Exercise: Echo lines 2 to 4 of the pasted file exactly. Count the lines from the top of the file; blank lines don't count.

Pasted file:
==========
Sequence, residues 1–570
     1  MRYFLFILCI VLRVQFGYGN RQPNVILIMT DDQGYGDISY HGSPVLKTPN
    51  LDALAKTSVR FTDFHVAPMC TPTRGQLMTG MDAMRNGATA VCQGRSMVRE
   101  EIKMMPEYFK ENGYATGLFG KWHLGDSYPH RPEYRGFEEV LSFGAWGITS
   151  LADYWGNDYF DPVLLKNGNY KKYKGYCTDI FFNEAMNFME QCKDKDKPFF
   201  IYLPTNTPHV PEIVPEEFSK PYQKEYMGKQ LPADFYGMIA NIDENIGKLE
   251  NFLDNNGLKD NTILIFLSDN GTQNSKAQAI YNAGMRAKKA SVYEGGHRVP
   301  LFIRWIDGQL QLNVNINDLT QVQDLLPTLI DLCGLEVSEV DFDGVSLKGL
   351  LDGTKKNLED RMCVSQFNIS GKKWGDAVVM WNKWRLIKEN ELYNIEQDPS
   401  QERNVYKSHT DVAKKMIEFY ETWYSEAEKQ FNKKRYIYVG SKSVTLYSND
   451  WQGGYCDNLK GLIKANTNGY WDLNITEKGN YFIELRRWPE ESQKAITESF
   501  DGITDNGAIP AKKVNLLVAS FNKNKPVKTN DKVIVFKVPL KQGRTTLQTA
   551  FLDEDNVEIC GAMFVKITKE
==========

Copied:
     1  MRYFLFILCI VLRVQFGYGN RQPNVILIMT DDQGYGDISY HGSPVLKTPN
    51  LDALAKTSVR FTDFHVAPMC TPTRGQLMTG MDAMRNGATA VCQGRSMVRE
   101  EIKMMPEYFK ENGYATGLFG KWHLGDSYPH RPEYRGFEEV LSFGAWGITS